Sunday, March 9, 2014

Audsley / Saint Joan of Arc (Martyr's) Cross - Joan of Arc School Harrowgate Philadelphia

Audsley / Saint Joan of Arc Cross

Page 98...

"Day by day we awaited the arrival of the steam shovel. After what seemed an
endless delay it arrived on December 13 (1921). The cement footings were laid 
at once before the ground, which was of the firmest brick clay, had any chance
of falling in. Then came the frost and we had to wait once more. the winter
was very mild and it was possible for the stone masons to lay the heavy
foundations in the early part of January. They brought them up to ground

The first plans provided that the auditorium should be about eighteen feet
below the ground level. The City Hall, however, raised an objection. If this
arrangement was to be followed it would be necessary to provide ramps
instead of stairways for the exits; and this in turn would mean the building of
a retaining wall that would have increased the price by many thousands of
dollars. Mr. Audsley met the difficulty by raising the whole building and
providing plans for a new front elevation to harmonize with the alteration. It
was a satisfactory change. The proximity of the neighboring houses really
made it desirable to place the school-rooms as high as possible. 

The basement auditorium was changed into a temporary Church. This is the
explanation of its character. We had previously intended to hold services
temporarily on the first school floor. It was well that this difficulty occurred,
for it was not many years before we needed more space for school rooms
than one floor would have provided.

On January 24 the steel began to arrive. The building was to be completely
fire-proof; even the floors were to be nailed to a new cement with the use of
sleepers. Practically no wood entered into the construction, or the
partitions were built later on from gypsum. 

Early in February the bricklayers strike was settled. Our building was the first to profit by it; indeed, it was by persuading Mr. Melody to withdraw from the Masters Builders Committee that we were able to bring this happy solution of a very serious situation.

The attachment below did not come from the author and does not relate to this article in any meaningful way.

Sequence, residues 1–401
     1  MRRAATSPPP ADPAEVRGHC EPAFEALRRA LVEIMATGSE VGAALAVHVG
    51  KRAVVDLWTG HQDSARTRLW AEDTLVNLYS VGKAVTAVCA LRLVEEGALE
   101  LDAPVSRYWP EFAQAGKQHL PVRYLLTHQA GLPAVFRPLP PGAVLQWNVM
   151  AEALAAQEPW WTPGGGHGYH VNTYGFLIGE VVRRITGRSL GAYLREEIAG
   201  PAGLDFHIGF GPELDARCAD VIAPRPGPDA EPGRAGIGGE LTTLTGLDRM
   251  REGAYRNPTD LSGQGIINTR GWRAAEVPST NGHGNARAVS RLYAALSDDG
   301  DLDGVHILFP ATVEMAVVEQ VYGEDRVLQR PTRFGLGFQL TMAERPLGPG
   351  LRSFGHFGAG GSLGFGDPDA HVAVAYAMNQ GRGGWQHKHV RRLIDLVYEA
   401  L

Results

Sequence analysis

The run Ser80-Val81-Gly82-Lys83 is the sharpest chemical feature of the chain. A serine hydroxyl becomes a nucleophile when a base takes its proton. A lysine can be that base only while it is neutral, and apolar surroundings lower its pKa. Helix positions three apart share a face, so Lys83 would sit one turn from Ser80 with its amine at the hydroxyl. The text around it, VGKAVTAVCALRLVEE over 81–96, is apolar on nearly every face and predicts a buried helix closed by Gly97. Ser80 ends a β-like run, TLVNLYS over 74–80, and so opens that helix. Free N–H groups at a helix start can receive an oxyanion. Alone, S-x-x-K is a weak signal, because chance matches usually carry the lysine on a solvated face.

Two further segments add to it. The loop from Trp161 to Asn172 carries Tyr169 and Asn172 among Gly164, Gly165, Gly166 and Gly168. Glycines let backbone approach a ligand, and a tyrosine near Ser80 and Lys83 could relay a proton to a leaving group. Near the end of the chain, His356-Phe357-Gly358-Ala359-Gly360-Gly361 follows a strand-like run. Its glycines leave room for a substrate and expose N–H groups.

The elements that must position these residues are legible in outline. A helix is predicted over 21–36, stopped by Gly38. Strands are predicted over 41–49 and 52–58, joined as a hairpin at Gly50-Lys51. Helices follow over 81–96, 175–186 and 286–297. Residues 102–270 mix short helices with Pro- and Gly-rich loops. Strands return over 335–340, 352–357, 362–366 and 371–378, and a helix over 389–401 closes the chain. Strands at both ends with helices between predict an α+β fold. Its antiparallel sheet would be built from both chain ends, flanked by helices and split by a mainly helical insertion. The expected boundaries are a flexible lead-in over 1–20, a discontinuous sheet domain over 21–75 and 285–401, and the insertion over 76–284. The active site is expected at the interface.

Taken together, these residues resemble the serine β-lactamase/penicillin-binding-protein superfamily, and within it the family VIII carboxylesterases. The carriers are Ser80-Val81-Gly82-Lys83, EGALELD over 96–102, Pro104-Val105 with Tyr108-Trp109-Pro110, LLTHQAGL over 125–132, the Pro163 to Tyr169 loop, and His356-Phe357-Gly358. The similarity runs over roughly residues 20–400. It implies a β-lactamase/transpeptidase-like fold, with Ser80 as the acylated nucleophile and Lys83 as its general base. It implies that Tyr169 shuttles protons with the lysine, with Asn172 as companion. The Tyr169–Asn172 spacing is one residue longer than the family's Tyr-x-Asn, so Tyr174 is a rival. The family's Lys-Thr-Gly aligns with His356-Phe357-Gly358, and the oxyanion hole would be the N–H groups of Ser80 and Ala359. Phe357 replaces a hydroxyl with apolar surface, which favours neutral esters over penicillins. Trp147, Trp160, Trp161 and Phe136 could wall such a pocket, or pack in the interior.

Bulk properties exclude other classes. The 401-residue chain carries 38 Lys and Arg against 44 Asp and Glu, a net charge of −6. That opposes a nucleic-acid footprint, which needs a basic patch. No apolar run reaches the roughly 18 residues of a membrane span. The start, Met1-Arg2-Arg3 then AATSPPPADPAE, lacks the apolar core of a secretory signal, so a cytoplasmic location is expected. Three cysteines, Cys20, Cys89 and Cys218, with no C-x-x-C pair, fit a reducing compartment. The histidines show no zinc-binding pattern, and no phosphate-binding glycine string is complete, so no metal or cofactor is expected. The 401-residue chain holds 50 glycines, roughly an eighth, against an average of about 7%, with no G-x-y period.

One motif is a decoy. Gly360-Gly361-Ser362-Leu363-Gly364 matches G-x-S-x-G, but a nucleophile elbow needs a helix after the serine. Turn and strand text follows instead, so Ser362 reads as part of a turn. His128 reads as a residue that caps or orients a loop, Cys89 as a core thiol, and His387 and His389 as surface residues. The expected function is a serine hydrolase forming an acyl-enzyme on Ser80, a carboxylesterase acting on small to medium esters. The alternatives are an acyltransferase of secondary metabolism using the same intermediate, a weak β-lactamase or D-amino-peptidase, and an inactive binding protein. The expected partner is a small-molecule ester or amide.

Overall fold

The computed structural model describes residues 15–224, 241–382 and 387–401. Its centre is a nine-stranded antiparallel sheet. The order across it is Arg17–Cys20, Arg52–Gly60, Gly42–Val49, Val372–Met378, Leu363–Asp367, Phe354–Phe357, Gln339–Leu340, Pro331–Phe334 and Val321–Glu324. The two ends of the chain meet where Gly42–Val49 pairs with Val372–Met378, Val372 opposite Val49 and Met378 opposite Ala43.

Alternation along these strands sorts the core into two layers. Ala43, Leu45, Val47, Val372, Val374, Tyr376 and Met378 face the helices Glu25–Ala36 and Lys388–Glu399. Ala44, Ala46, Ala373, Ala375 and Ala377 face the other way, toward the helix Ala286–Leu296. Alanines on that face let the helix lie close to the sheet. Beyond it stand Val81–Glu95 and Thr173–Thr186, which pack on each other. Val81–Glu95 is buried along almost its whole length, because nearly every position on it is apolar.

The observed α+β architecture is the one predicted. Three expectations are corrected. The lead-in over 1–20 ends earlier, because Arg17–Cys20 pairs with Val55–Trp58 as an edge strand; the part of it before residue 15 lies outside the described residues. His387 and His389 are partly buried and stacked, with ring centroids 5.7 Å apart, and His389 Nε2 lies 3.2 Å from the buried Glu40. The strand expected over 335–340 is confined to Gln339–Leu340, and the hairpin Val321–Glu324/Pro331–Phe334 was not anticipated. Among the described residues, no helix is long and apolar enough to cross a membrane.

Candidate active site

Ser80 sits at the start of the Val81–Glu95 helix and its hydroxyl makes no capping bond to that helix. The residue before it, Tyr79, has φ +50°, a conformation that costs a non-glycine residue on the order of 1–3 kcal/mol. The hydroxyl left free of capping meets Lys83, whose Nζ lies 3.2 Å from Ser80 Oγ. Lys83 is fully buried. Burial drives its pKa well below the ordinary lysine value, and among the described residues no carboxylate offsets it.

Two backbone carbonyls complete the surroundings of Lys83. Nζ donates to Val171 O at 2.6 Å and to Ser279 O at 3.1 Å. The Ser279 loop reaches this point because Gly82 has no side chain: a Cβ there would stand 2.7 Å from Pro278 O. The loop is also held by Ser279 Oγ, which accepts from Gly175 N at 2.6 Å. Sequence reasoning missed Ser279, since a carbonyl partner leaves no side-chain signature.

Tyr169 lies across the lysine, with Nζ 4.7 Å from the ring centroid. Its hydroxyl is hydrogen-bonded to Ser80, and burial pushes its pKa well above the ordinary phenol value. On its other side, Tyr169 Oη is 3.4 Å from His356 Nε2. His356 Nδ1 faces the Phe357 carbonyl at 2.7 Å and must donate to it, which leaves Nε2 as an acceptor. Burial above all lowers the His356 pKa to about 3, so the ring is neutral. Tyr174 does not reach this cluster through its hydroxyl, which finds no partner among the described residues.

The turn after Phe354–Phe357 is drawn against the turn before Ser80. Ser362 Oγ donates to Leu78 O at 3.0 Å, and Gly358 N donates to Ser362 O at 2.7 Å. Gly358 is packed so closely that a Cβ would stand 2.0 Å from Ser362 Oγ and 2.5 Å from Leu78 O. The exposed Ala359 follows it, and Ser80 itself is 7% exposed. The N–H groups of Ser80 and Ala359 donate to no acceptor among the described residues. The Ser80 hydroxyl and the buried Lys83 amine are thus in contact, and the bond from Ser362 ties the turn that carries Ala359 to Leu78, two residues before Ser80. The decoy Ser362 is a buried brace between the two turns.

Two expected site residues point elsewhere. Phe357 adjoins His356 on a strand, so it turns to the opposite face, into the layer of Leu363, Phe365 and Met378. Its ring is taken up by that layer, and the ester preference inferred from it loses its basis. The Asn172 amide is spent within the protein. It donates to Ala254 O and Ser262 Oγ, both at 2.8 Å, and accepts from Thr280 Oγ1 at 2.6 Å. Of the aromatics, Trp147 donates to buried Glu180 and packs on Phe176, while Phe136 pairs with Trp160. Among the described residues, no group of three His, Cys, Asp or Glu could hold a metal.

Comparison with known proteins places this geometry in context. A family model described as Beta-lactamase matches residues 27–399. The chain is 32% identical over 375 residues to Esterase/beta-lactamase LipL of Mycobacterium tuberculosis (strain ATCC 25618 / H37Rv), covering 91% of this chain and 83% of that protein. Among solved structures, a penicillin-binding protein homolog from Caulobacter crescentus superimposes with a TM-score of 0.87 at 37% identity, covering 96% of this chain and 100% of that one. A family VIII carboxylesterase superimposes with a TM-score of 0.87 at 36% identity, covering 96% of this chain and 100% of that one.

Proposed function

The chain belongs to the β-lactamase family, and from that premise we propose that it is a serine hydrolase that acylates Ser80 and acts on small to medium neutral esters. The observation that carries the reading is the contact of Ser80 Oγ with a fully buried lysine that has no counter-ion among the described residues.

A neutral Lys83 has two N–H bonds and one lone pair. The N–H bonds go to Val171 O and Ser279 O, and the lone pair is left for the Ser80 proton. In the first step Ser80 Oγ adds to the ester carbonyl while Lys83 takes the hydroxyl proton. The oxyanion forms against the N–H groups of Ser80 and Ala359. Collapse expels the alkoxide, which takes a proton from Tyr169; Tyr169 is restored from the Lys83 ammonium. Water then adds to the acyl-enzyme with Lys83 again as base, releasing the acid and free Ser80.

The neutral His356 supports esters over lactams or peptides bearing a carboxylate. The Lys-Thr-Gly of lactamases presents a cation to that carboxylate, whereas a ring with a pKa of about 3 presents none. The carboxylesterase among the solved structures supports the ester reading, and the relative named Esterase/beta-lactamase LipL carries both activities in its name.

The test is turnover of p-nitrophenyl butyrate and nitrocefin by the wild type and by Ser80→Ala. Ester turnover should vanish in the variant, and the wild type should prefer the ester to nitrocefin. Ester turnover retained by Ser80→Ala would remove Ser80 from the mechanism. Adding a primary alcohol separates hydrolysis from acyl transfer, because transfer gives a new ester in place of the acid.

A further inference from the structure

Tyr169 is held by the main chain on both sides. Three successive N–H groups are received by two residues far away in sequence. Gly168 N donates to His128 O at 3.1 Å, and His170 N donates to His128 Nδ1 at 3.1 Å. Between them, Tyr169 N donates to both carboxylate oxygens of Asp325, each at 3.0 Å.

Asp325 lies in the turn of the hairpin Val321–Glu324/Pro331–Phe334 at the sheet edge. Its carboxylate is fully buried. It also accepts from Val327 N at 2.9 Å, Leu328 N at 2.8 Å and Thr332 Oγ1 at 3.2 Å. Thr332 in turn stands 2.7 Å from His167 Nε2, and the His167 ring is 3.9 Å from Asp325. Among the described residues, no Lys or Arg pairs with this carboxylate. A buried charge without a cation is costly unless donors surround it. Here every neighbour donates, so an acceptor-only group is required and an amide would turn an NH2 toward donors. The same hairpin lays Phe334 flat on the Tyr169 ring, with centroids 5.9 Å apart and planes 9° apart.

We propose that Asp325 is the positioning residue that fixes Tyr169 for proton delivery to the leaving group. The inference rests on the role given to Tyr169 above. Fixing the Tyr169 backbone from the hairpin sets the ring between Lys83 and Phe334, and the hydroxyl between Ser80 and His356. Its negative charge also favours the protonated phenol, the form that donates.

Throughout the month of February the brickwork progressed like magic,
whilst the great steel columns and beams were being erected. I tried my had
at riveting and was able to put in a few bolts under close supervision. I learnt
then what heavy work it was to sit aloft and bear the constant vibration of the
compressed air riveter. The cement of the first floor was poured on March
16th. I remember the occasion very well. From our elevation we could see
the Delaware river and there was a fresh breeze flowing. My friend, the
building inspector, with whom I had once a controversy, was watching the
proceedings and he expressed his admiration for the strength of the

We left a portion of the wall at the south-western corner below level so that
the solemnity of the corner stone laying might take place in fair weather.
Bishop Crane officiated on Palm Sunday. Before the ceremony the
Bricklayers Union requested the pleasure of making him an honorary
member of their guild to record the settlement of the strike. Bishop Crane
was compelled to refuse this kind suggestion for reasons that are obvious.
Mr. Audsley appeared in his best and superintended the laying of the
beautiful stone that he had designed, a gift of the stone contractor. In it were
placed various articles destined to prove the date of the event....

By the end of May the brickwork was finished and in another month the roof
was on. The plastering began at once. On July 2 the first mass was said in
the new building on the middle floor. For one month the Sunday masses
were celebrated in this inconvenient place, the floor being of unfinished
cement. The plasters completed their work in the Auditorium by the end of
July. On August 6 mass was said here, the floor being still unfinished.
Everything was practically in order by October 8 [1922].

The motif of a cross within a circle that appeared on the school's corner
stone had been earlier used by Audsley on the family monument at Mount Hope
Cemetery in Yonkers, New York. It would serve as the marker of his final 
resting place upon his death on 21 June 1925."


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